How to Compost At Home
How to Compost At Home
Ideal for garden, compost can be made easily and free at home. Knowing how to sort your waste before adding it to the compost is very important to ensure a good balance and rapid decomposition.
Good compost is obtained with the right ingredients. Effective sorting is necessary for successful composting.
For a compost to be of good quality and rich in nutrients a contribution of various wastes is necessary. A common mistake is to bring only wet waste from grass clippings and culinary residues such as vegetable peelings.
If they are not mixed with brown waste like dead leaves or crushed branches, they will rot with a bad odor. A balance between these two types of waste is therefore essential in the manufacture of your compost.
Green waste brings nitrogen and some moisture to the compost. Grass clippings, available from March to October are one of the major contributions. Often very wet this grass can reduce the watering operations of the compost pile.
Weeds that are pulled out of the garden are also very interesting, but beware of seed-planting plants that may develop later. You can either tear them off during flowering and burn them, or trim the part where the seeds are before adding them to the compost.
The annual and biennial end of life in the ornamental garden can be added, as well as the damaged vegetables of the garden after harvesting. Non-buried green manures can also complement your compost, as well as tea leaves, tea bags or coffee grounds. If you make your nettle manure, the leaves used for its composition can be introduced to the compost; they are a good accelerator.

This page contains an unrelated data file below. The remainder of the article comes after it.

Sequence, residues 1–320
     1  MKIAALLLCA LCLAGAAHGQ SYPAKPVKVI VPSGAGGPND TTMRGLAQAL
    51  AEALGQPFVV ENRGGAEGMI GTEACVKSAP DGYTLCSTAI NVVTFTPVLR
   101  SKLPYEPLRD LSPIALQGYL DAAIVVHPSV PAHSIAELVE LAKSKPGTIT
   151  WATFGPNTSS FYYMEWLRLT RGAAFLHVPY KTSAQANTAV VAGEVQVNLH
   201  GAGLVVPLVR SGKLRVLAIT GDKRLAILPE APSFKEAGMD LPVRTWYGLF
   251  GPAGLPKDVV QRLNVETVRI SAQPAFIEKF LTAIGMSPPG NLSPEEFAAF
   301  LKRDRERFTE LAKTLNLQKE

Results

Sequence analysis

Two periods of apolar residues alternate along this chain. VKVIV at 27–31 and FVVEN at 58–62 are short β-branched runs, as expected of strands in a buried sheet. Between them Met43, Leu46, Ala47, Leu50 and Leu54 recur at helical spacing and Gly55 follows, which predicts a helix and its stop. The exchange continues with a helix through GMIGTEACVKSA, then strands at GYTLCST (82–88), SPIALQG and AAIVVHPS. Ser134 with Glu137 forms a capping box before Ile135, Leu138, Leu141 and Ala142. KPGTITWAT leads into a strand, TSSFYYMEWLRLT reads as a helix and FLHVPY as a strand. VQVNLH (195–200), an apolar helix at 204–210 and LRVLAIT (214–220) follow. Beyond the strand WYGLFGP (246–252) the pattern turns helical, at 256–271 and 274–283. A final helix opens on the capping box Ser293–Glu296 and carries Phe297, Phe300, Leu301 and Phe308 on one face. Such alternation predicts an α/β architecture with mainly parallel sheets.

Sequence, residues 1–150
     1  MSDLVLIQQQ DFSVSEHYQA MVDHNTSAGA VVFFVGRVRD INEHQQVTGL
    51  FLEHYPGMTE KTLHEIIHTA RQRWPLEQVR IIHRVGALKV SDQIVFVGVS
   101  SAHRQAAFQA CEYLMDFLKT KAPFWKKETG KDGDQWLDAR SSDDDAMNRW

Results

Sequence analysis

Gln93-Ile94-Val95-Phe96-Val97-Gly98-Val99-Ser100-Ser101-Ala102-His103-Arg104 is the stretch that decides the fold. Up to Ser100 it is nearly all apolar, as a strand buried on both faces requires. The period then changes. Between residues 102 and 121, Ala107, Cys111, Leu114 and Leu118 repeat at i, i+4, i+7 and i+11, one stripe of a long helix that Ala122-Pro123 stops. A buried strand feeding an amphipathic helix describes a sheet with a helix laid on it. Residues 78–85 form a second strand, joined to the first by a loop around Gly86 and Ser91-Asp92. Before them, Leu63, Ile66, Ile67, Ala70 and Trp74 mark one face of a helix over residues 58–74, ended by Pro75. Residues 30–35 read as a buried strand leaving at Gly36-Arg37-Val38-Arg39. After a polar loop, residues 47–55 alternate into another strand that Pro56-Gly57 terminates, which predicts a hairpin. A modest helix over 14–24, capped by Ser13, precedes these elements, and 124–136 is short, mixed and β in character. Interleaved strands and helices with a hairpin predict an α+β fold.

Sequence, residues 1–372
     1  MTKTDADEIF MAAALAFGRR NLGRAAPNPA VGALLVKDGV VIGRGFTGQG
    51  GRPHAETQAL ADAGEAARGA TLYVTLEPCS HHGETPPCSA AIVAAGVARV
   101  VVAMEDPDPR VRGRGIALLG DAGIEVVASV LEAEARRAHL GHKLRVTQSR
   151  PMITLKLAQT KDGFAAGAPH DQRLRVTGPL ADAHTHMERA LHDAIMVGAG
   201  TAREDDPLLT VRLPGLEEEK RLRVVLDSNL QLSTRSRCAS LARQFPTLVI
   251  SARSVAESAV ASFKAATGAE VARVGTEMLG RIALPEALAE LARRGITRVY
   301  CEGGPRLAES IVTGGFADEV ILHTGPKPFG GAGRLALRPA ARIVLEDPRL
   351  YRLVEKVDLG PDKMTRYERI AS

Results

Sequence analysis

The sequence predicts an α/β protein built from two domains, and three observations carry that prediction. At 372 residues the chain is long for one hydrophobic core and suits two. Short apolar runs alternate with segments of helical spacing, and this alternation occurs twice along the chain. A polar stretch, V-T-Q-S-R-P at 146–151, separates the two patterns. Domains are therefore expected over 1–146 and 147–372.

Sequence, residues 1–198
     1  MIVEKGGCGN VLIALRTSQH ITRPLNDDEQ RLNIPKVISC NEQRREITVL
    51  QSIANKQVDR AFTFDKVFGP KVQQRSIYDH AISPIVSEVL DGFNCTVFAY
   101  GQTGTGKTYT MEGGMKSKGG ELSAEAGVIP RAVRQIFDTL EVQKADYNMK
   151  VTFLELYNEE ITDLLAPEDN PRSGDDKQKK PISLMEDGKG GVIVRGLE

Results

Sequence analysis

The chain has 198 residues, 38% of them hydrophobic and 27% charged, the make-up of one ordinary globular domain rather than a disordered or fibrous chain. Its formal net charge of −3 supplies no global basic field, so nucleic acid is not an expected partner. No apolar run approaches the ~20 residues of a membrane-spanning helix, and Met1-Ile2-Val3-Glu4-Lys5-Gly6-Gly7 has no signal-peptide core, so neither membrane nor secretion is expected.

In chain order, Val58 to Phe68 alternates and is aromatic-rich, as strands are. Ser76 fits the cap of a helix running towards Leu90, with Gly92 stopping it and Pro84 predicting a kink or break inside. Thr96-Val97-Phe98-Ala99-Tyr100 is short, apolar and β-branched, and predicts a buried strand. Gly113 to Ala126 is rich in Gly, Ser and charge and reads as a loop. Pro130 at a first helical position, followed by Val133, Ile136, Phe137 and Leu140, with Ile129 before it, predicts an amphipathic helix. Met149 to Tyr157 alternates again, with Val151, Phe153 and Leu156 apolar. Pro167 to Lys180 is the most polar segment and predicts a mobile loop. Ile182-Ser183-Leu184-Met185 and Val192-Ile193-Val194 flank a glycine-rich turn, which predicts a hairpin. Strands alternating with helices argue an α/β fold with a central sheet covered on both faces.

The green waste is essential for good compost. Mowing and weeding waste is quickly recycled in the composter.
The brown waste is a source of carbon; they balance the compost by their dry appearance. Crushed dead leaves are usually available en masse in the fall. Enjoy this manna fallen from the sky to make a silo with leaves and keep them.
Other brown waste, stems of annuals, perennials or withered leaves of grasses will also add to your compost, once crushed. Straw is a well-known contribution as are shrub twigs from pruning operations. These will of course have to be reduced or crushed before adding them to the compost. The boxes can also be placed there once cut as well as the sheets of absorbent paper. Avoid newsprint that often contains toxic inks.
Currently, green waste represents one third of the volume of our garbage bags and is therefore buried with. However, if they are composted, this waste from the garden will give an organic amendment to enrich the earth. A simple way to reduce the volume of your trash and build a cheap natural fertilizer!